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Santambrogio claims he took testosterone as infertility treatment

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Mauro Santambrogio in the Amore e Vita jersey

Mauro Santambrogio in the Amore e Vita jersey (Image credit: Amore e Vita)
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Mauro Santambrogio (Vini Fantini-Selle Italia) placed second.

Mauro Santambrogio (Vini Fantini-Selle Italia) placed second. (Image credit: Bettini Photo)
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An exhausted Mauro Santambrogio (Vini Fantini-Selle Italia) at the finish line in Ivrea

An exhausted Mauro Santambrogio (Vini Fantini-Selle Italia) at the finish line in Ivrea (Image credit: Bettini Photo)
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Mauro Santambrogio (BMC)

Mauro Santambrogio (BMC) (Image credit: Sirotti)
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Mauro Santambrogio (Fantini Vini - Selle Italia)

Mauro Santambrogio (Fantini Vini - Selle Italia) (Image credit: Bettini Photo)

Mauro Santambrogio has claimed he tested positive for testosterone because he had been prescribed the drug by a urologist in order to become a father with his new girlfriend after being diagnosed with erectile and fertility problems.

The Italian rider, who was due to race with the Amore e Vita Continental team in 2015 after his ban for EPO ended on November 2, was tested by the UCI on October 22 in an out of competition test. The UCI announced his A sample had resulted positive today (December 18) and immediately suspended him.

Santambrogio told Cyclingnews that he informed the anti-doping inspectors at the time of the test that he had recently completed a three-month course of Andriol (the product name for testosterone) and the prostrate drug Aprosten. He also claimed he informed UCI doctor Mario Zorzoli who originates from Como, close to Santambrogio's home.

He had believed it would not be considered as a positive case because he was not a licence holder at the time of the test and had not yet even decided to return to racing after his ban. He only contacted Amore e Vita on October 28 and signed a contract two days later.

"I've got nothing hide. I was tested but I was under the effects of a treatment with Andriol. My testosterone levels were low and I had erection problems, plus I had fertility problems. That's why I was prescribed Andriol," Santambrogio told Cyclingnews.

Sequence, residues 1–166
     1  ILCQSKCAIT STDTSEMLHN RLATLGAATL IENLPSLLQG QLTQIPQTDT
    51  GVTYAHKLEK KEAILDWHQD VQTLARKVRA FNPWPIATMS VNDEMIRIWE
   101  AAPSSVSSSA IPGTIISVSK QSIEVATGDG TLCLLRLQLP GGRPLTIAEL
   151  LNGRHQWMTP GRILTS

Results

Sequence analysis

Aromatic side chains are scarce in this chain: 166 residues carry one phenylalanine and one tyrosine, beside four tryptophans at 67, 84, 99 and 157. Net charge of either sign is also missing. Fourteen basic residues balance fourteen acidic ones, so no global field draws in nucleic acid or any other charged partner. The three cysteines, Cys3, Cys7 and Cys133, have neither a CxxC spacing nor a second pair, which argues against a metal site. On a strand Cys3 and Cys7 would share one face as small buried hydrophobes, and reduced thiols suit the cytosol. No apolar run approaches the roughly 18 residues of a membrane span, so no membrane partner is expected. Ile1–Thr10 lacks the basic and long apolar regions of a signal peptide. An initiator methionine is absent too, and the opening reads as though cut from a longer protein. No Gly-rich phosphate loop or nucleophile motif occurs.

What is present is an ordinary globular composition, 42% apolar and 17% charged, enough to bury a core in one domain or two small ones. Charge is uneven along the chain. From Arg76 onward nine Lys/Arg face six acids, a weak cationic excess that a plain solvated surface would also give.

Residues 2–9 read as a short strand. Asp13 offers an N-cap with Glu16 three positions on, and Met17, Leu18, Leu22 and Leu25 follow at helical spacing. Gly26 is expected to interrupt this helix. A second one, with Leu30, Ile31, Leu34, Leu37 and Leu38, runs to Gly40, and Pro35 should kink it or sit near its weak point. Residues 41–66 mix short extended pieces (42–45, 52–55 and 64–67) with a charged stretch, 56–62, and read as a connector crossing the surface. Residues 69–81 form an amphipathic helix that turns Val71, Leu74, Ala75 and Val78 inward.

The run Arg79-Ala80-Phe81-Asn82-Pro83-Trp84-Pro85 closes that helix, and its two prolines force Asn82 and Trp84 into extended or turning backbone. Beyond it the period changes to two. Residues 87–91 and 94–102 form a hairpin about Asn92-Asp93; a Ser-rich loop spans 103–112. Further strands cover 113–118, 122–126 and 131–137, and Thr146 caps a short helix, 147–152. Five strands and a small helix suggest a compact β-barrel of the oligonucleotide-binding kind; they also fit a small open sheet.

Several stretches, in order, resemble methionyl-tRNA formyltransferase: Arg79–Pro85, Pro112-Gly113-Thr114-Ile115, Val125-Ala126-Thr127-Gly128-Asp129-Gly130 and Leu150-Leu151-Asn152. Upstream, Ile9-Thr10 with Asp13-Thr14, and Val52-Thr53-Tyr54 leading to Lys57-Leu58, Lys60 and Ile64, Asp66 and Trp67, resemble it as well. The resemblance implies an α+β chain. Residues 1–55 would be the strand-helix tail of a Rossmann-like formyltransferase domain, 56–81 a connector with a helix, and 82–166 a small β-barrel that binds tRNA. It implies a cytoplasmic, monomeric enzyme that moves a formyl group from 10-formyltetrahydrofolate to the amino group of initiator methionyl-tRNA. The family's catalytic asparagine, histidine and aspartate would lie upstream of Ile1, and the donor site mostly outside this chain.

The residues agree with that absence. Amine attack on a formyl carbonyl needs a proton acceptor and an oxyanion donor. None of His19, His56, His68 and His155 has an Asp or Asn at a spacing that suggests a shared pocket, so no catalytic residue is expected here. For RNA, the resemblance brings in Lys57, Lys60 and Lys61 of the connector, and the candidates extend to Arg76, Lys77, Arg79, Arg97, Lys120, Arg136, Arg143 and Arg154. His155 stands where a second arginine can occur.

"I intended to make a comeback in 2015 in July, but I also wanted to think about my long-term future and have a child, like any normal person. That's why I started the treatment. If I'd decided to wait I could have had further problems and perhaps never become a father. I didn't have any offers from teams at the time and didn't know if I'd be able to race. I knew that at the earliest I'd race again in February and the testosterone would not have given me any benefit then."

Santambrogio claimed he showed the anti-doping inspectors his prescription for Andriol. He was stunned that the UCI publicly announced his case before he was allowed to explain why he tested positive. The UCI did not reply to calls from Cyclingnews about the Santambrogio case and said in its announcement that it would not make any further comment at this stage of the procedure.

"Before they took my blood and urine I told them and showed them the prescription. They also took a photo of it. It was also written on the anti-doping forms that I'd been treated with Andriol," Santambrogio claimed.

"I called Mario Zorzoli and didn't have problem telling about my treatment. He's from nearby where I live and he told me that it's be taken into consideration. Then today I got the email saying I was positive.

"Nobody has contacted me from the UCI before today. I don't understand why. I've got nothing to hide because I know that all the proof is on my side."

Even though Santambrogio was serving a ban, he is still bound, under UCI anti-doping rules, to remain subject to testing. Andriol is prohibited both in- and out-of competition under the WADA code, and the UCI's anti-doping regulations state that, "Use of any Prohibited Substance or Prohibited Method to increase “low-normal” levels of any endogenous hormone is not considered an acceptable therapeutic intervention", so Santambrogio would not have been eligible for a Therapeutic Use Exemption (TUE) by the UCI.

Doping violations aside, the use of Andriol might not have even achieved its supposedly intended result of increasing fertility. While natural testosterone is required for fertility in men, Andriol, a synthetic form of testosterone used as a treatment for hypogonadism and erectile dysfunction, has the unfortunate side-effect of decreasing sperm production and creating fertility problems, recent studies have shown.

Santambrogio told Cyclingnews that he will not request a counter-analysis because he knows he had testosterone in his urine. He is ready to fight to clear is name. The Amore e Vita team has also said it will support him.

"I'm going to try to prove that I didn't do anything wrong. But if the world of cycling refuses me to make a comeback, I'll accept their verdict. But I haven't wanted to cheat anybody. I was simply being treated for a problem and thinking about a future a father," he said.

In October 2013 Santambrogio caused panic amongst his friends and followers on Twitter by writing "Addio Mondo" – "Goodbye World". However huge support seemed to convince him to rebuild his life. Gazzetta dello Sport reports that he returned to working part-time as a baker.

He wanted to reassure people that he had no similar thoughts this time.

"I'm ok. I'm fine," he concluded.

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